Suez Canal (24 Sep 2015)
Crossing the Suez Canal
It was like watching history textbooks come alive when Peace Boat passed through the Suez Canal. There is only one way to admire the marvels of the man-made canal – to sail through it on a ship. Crossing the Suez Canal was a highly anticipated event on Peace Boat after we spent 10 days at sea.
Sailing from Doha through the Persian Gulf, we passed through the Strait of Hormuz on 11 September 2015 and protested against the new security bills which violate the Japanese Constitution and appealed to Japan and international community the importance of ensuring that Japan contributes through non-military, peaceful means, and does not participate in killing in the name of collective self-defense.
We had about a week of “pirate watch” when we sailed through the Gulf of Aden towards the Red sea. Due to the safety restrictions, we could not be outdoors after sunset but we enjoyed many magical nights of spectacular stargazing. Finally, we reached the entrance of Suez Canal and were scheduled to enter the Canal at around 4 a.m. on 24 September 2016. Everyone was so excited the night before that some people did not even sleep and there were no lessons on Suez Canal Day!
After 2 hours of meager sleep, I woke up in time to see Badr Mosque on the banks as Peace Boat slowly entered the Suez Canal. It was so surreal (maybe due to lack of sleep) to be in Suez Canal and see so many energetic participants on the deck at the wee hours of the morning. The early birds were rewarded with a magnificent sunrise which rose from the deserts flanking the canal.
The bow of the ship was opened for participants to enjoy unobstructed views of the Canal crossing. In the narrow section of the Canal, we were very close to the construction and buildings along the banks. In the wider parts of the Canal, we had panoramic views of the vast landscape surrounding us.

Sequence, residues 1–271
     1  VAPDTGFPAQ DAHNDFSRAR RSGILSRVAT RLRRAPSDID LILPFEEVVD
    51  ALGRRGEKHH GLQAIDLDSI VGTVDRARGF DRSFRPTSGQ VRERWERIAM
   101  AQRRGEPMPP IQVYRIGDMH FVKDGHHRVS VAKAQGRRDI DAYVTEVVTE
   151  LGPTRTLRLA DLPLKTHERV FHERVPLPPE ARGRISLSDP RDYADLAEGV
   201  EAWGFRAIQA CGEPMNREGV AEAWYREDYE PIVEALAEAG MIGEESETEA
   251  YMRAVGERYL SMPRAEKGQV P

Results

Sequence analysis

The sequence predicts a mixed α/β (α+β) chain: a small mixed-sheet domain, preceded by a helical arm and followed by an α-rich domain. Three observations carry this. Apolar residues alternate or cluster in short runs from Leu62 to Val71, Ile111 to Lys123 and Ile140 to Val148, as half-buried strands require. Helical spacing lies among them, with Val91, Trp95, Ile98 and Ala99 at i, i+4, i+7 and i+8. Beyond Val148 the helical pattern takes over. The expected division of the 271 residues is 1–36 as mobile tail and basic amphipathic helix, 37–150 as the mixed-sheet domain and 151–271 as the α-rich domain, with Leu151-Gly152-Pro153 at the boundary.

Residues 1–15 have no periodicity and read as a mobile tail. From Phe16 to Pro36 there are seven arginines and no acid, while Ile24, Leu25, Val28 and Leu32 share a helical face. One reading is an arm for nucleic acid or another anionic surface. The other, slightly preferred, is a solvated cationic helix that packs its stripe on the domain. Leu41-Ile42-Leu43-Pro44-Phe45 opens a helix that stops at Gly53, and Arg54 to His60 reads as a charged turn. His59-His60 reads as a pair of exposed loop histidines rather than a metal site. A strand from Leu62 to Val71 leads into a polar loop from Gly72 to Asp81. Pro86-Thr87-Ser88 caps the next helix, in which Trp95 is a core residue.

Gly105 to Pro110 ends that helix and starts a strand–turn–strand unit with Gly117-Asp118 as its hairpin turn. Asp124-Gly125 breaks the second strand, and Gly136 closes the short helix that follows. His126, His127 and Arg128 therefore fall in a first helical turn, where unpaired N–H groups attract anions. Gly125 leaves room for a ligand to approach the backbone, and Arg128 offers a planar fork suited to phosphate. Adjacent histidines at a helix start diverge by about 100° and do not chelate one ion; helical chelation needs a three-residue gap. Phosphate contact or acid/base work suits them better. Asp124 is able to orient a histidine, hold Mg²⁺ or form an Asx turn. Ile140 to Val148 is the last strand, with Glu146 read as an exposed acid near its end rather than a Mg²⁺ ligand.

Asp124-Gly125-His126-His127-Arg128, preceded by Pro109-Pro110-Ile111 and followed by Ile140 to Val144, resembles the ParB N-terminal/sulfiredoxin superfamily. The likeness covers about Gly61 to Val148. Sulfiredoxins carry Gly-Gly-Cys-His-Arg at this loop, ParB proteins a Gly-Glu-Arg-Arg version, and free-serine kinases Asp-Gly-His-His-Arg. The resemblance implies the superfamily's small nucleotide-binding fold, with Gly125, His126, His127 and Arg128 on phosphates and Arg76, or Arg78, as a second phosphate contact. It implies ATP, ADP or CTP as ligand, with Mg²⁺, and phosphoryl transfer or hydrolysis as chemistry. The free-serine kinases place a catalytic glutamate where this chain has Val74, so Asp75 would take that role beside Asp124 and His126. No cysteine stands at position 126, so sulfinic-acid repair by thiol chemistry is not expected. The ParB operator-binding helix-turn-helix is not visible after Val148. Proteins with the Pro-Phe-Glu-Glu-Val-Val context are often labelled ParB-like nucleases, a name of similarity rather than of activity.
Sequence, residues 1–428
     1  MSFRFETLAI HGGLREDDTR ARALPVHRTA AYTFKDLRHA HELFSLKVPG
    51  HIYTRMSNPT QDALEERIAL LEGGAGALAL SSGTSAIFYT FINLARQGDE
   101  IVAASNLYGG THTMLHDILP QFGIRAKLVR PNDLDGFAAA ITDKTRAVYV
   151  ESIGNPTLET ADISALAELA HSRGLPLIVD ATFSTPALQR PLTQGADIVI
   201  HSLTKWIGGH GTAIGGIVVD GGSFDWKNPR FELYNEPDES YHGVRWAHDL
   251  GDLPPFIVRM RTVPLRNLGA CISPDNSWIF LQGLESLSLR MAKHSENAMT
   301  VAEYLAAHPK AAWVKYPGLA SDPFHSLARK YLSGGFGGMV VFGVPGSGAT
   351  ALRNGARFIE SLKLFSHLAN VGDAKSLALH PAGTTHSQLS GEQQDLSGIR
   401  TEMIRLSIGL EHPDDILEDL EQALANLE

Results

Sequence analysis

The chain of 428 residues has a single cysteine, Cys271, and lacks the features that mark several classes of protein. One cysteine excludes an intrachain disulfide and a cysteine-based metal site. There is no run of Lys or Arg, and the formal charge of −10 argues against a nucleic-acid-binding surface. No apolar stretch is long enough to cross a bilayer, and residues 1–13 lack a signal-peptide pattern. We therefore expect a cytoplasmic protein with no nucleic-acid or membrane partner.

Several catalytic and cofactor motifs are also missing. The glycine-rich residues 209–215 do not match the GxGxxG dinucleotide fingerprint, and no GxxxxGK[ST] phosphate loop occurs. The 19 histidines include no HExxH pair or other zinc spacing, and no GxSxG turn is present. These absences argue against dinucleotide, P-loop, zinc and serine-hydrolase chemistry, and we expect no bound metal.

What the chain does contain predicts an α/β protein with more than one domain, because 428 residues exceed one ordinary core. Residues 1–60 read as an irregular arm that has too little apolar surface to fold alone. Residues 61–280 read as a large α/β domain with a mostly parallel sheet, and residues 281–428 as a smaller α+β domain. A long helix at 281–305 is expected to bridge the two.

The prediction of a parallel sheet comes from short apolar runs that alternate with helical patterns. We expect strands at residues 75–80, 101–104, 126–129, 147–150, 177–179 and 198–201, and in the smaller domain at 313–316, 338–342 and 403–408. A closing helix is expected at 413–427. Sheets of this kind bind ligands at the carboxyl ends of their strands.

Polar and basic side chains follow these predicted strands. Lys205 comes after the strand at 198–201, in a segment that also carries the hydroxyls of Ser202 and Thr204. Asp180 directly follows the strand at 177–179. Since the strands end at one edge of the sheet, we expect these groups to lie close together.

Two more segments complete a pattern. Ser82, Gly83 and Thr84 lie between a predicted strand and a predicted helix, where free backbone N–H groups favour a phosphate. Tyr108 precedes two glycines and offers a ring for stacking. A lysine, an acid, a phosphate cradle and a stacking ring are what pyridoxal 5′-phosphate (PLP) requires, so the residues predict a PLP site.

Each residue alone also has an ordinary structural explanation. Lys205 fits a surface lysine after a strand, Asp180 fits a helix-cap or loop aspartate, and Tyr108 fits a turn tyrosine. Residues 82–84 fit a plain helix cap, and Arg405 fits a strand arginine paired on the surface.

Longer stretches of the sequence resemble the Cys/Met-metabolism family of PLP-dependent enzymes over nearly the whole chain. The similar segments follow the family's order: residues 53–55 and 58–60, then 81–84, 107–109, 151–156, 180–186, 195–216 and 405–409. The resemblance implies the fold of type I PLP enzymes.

Crossing the Suez Canal was definitely a highlight of travelling around the world on a ship. It was just mind-blowing sailing through the canal which divides the Asian and African continents. I spent many hours just staring at the vast lands from the banks of the canal and wondering what is going on in the surrounding countries. Hopefully I will be able to visit the regions in the future view the Suez Canal from land!
10 Interesting Facts about the Suez Canal
1. Suez Canal, the world’s first artificial sea-level waterway, was opened on November 17, 1869 after about 10 years of construction.
2. It runs north to south across the Isthmus of Suez in Egypt to connect the Mediterranean Sea and the Red Sea. It separates the African continent from Asia.
3. It provides the shortest maritime route between Europe and South Asia without circumnavigation of Africa. The sea voyage distance is reduced by about 9500 km and average journey time is cut from 20 days to just 13 hours.
4. It was built using a combination of forced Egyptian labour and state-of-the-art machinery. Some sources estimate that over 30,000 people were working on the canal at any given period and thousands of laborers died.
5. It was originally 164 km long and 8 m deep when it was first built. After several enlargements, it is 194 km long, 24 m deep and 205 m wide (as of March 2016).
6. A new Suez Canal (37 km) which runs parallel to the original Canal was built in less than a year for about $9 billion. The project whose total length is 72 km (including deepening and widening by-passes) is expected to increase the daily traffic from the present 49 to 97 ships and revenues from $5.3 billion to $13.226 billion by the year 2023.
7. It was closed five times; the last time was the most serious one since it lasted for 8 years. The Canal was then reopened for navigation on the 5 June 1975.
8. Around 8% of the world’s cargo currently passes through the canal. Charges paid by ships travelling through the Suez Canal provide an important source of income for the Egyptian government. Annual earnings from the canal were about $5.3 billion.
9. Suez Canal’s creator, Ferdinand de Lesseps tried and failed to build the Panama Canal.
10. Scientists warn that enlargement of the Suez Canal increases the flood of invasive marine species from the Red Sea and causes serious irreversible damage to the ecosystem of the Mediterranean Sea.